Chicago | Reuters — U.S. wheat futures surged seven per cent on Thursday as a softer dollar inspired funds to cover short positions, analysts said.
Corn followed wheat higher, while soybeans closed flat after a private forecast for record-high U.S. soybean plantings.
At the Chicago Board of Trade, July wheat settled up 32-3/4 cents at $5.14-1/4 per bushel after reaching $5.15-1/4, its highest in a month (all figures US$).
July corn ended up 5-3/4 cents at $3.68 a bushel, while July soybeans fell 1/4 cent to $9.57 a bushel.
The increase in wheat prices was the biggest daily move for the most active contract since June 2012. But analysts struggled to find a catalyst, other than that commodity funds held a massive net short position in CBOT wheat.
“Any news that is out there is basically an excuse. There has been some chatter about maybe some export business, but the larger thing is that we have built up record-large short positions,” said Arlan Suderman, market analyst with Water Street Solutions.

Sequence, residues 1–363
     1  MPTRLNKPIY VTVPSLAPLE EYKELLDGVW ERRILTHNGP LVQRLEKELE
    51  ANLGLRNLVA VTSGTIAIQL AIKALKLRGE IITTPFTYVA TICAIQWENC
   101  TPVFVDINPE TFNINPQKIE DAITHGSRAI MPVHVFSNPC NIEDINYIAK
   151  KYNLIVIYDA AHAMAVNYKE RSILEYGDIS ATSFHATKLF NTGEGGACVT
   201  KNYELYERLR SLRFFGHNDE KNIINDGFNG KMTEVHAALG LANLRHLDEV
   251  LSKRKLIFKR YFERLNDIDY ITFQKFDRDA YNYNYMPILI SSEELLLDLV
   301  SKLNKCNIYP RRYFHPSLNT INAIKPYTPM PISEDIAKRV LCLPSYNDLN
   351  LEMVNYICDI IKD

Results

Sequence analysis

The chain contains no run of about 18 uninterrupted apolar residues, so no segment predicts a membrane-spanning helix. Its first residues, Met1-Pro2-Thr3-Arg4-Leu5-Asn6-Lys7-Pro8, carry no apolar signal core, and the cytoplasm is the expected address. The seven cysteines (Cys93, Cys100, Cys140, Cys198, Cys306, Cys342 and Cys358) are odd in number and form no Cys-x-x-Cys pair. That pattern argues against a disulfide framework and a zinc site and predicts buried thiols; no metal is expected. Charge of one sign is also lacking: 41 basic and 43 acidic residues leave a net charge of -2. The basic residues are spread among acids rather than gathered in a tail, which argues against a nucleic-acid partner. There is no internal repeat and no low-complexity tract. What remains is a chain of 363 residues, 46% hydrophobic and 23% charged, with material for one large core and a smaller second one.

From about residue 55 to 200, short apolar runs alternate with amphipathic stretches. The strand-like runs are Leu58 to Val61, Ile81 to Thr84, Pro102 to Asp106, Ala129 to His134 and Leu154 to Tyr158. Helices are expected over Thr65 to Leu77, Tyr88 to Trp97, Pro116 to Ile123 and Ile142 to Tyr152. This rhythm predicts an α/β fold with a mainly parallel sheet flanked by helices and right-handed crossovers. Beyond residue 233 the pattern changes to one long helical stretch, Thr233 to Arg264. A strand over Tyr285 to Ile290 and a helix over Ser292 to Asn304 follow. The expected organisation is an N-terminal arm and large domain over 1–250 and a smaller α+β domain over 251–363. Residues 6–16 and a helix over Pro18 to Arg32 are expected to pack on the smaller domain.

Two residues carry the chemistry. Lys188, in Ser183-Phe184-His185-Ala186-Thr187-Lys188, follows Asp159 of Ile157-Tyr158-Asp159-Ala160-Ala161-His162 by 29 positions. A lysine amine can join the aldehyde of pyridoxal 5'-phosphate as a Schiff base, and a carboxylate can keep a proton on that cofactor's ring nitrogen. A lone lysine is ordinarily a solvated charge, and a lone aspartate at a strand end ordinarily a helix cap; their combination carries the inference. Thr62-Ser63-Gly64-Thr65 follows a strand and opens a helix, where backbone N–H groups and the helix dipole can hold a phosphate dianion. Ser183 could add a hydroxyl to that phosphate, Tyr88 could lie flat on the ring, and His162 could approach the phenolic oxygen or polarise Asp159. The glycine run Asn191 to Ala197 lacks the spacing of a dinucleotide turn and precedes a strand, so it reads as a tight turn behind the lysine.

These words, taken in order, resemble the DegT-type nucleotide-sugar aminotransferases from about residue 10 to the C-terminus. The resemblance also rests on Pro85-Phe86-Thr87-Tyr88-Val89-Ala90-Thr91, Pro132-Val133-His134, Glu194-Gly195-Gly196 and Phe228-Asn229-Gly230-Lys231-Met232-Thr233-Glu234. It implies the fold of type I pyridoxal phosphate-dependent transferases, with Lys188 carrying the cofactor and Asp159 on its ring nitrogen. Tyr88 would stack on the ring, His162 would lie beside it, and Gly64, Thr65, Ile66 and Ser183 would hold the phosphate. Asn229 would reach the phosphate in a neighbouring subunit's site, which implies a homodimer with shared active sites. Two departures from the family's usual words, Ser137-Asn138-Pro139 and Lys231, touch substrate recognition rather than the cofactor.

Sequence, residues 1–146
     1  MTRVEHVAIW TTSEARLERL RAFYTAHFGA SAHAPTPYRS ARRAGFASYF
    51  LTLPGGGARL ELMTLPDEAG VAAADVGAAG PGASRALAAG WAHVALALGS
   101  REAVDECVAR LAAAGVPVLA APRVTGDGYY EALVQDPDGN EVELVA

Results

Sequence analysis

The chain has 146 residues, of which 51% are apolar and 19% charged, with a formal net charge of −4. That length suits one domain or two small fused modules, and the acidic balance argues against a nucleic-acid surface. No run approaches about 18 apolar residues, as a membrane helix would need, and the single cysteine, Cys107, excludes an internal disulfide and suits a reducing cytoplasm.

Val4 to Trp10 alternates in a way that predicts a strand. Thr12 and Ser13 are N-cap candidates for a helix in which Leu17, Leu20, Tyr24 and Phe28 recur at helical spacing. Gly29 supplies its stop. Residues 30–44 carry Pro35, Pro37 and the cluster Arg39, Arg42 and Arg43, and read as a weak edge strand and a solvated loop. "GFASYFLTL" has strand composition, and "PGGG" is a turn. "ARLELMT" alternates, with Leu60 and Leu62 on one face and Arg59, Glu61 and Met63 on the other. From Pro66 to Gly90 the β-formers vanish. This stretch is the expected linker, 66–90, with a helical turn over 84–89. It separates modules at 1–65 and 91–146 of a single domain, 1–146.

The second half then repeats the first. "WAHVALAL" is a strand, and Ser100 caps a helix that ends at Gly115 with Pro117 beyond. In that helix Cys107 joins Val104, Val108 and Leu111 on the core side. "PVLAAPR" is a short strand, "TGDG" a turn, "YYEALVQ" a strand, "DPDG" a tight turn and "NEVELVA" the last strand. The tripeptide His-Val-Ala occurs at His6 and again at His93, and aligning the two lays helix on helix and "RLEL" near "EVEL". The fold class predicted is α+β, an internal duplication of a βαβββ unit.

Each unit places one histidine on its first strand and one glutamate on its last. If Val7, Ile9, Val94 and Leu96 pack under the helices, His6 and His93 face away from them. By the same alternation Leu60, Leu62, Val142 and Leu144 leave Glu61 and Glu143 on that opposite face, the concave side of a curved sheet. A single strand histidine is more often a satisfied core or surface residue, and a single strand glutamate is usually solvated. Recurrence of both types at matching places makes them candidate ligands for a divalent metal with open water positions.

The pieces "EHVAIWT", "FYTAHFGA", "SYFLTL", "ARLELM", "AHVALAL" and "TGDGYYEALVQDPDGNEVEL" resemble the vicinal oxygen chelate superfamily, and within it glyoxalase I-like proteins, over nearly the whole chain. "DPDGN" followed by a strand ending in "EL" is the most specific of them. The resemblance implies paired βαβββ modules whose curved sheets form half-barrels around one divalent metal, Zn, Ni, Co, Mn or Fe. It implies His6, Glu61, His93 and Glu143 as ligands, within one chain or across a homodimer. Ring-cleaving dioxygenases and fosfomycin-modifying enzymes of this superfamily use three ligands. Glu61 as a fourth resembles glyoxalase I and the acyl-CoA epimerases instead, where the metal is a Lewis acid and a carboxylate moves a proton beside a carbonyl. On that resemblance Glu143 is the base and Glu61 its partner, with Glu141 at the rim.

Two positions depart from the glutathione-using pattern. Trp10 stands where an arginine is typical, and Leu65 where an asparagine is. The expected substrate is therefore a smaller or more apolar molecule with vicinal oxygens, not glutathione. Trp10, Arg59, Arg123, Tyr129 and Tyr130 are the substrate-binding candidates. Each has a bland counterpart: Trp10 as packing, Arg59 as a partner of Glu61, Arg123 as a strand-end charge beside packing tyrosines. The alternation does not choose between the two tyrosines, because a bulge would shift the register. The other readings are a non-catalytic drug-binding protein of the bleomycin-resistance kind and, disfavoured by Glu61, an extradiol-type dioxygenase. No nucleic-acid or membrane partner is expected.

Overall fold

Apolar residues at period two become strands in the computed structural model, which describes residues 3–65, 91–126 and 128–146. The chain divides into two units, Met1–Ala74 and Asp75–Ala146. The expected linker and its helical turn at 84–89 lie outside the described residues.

“Particularly with the dollar being weaker, you increase money flow into the broader commodity sector, and you start getting these fund managers saying ‘I am going to take some profits on my big short positions.'”
The dollar fell after a report that U.S. producer prices dropped in April, data that challenged hopes for stronger U.S. economic growth and supported the view that the Federal Reserve would delay increasing interest rates.
CBOT corn followed wheat higher, despite disappointing weekly U.S. corn export sales of 370,000 tonnes, a low for the current 2014-15 marketing year.
Soybeans sagged after private analytics firm Informa Economics projected U.S. 2015 soybean plantings at 87.2 million acres, a potential record high more than 2.5 million acres above the U.S. Department of Agriculture’s current forecast.
USDA this week forecast that U.S. 2015-16 soy ending stocks would reach 500 million bushels, the most in nine years, based on its plantings estimate of 84.6 million acres. Larger plantings could translate into even bigger stocks.
Global soy supplies are also ample. Argentina’s 2014-15 soy production will reach a record 59.6 million tonnes, the Rosario Grains Exchange said on Wednesday.
“There is strong (soybean) supply coming from South America and we are seeing demand for U.S. products slow down in Asia,” said Kaname Gokon, general manager of research at brokerage Okato Shoji in Tokyo.
— Julie Ingwersen is a Reuters correspondent covering grain markets from Chicago. Additional reporting for Reuters by Nigel Hunt in London and Naveen Thukral in Singapore.